There are three ways that members of the public can vote. Firstly they can vote by picking up the phone and voting by ringing the number on screen for their favourite song. Secondly they can vote by sending a text message to the number presented on screen during the show. And the final way is to use the official Eurovision App, which is a beautiful interface which ultimately allows you to vote via text message, just in a way more user friendly than typing the number on screen.
Depending on the country you are from both phone and text voting may be available, or just one or the other. For example in Australia voting is only allowed from postpaid mobile accounts, and only via text messaging. There is also a difference in the cost in voting from country to country. And yes, as we are always reminded, you can not vote for the country you are ringing from (the same applies to jurors as well). However there is no difference in time – voters only get 15 minutes to cast their vote after all songs have been played – and there is no voting before the show, as is common with Junior Eurovision.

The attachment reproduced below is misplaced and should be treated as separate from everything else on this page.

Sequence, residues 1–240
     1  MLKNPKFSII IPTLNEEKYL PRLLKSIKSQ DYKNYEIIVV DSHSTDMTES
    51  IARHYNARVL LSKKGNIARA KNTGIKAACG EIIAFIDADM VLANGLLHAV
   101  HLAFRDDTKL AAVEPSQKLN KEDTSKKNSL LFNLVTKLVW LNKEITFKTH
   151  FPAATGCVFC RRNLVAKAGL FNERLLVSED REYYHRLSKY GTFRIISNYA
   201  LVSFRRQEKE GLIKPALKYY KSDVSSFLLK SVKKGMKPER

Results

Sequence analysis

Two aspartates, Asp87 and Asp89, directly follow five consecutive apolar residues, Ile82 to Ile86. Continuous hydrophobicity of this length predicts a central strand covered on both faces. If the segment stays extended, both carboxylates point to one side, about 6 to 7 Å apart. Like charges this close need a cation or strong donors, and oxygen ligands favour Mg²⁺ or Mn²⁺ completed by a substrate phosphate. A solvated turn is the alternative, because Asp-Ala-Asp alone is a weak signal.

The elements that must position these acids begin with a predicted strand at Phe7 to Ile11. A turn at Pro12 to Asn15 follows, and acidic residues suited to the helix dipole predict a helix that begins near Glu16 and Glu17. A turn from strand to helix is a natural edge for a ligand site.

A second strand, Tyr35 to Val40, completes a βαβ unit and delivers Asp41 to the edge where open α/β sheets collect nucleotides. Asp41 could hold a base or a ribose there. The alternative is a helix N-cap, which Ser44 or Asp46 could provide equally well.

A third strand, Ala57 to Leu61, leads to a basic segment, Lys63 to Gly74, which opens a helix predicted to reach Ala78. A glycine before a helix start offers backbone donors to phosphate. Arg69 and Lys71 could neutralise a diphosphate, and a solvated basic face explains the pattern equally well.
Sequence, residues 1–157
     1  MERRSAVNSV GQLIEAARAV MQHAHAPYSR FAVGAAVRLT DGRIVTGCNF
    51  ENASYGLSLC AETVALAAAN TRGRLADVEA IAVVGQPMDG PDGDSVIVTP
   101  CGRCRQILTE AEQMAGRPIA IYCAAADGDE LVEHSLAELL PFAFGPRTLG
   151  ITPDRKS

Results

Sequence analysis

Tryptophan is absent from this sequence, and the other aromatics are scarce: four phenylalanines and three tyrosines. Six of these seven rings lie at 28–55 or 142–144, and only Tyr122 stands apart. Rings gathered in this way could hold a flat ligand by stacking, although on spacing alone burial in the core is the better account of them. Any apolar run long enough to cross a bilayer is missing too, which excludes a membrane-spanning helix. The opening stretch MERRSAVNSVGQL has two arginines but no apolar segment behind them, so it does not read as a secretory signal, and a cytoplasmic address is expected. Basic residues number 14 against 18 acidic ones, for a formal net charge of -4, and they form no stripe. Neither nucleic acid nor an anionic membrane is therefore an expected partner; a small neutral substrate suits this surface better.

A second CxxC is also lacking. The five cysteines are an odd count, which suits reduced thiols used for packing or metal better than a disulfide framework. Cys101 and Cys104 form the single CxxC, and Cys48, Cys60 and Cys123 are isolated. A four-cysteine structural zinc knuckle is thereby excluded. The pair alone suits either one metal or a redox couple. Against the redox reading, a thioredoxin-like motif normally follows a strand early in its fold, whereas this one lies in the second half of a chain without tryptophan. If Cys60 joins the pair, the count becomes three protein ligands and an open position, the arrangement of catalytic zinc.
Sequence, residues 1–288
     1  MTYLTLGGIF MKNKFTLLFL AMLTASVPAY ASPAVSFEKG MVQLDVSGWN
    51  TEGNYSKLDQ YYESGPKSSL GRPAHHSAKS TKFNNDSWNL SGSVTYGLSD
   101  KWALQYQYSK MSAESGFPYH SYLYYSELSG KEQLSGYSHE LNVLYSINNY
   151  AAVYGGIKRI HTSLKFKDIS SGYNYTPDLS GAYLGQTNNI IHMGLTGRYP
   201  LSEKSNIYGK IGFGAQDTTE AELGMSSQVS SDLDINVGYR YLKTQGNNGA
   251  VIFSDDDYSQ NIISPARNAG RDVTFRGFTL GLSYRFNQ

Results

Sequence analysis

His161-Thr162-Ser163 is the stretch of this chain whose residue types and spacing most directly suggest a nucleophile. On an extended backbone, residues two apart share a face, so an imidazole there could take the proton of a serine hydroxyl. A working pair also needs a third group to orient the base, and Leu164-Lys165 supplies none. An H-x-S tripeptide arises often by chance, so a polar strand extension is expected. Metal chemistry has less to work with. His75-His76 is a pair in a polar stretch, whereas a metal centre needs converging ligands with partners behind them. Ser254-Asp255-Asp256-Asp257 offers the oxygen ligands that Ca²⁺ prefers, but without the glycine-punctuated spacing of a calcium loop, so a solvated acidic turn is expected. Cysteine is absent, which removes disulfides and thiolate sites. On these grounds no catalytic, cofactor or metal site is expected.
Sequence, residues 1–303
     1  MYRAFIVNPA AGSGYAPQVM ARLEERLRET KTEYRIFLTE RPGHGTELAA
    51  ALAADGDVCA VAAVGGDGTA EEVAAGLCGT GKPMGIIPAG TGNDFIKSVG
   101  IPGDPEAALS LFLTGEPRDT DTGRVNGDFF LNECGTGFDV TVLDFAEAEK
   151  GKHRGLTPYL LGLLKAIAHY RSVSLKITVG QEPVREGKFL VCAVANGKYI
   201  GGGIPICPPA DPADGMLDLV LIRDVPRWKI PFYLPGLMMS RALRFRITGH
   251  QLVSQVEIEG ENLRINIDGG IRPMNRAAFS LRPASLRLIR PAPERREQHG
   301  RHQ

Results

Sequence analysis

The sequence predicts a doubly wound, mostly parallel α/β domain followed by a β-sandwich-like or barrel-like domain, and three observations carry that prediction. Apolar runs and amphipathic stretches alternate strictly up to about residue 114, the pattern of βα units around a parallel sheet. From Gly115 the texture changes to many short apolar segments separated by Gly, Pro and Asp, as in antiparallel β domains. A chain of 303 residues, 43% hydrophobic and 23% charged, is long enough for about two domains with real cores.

This is true for every country bar one in the competition. San Marino. San Marino is a country that does not have a separate telephone network to its neighbour, Italy, and therefore San Marino can not create their own televote. Despite suggestions that the broadcaster put forward to allow for a Sammarinese televote to be calculated using Sammarinese citizens, the EBU have chosen a different method. For this the EBU uses a similarly pre-determined group of countries to create the televote that represents San Marino. We at ESC Insight have previously tried to generate how that televote is created, but to no conclusive outcome. The methodology used by the EBU is kept confidential, which we at ESC Insight believe is to the detriment of the Eurovision Song Contest’s credibility.
Should a country’s televote either fail to work, or not receive enough votes to be valid, then a backup televote is generated using the same system as that above.
What if there is a tie?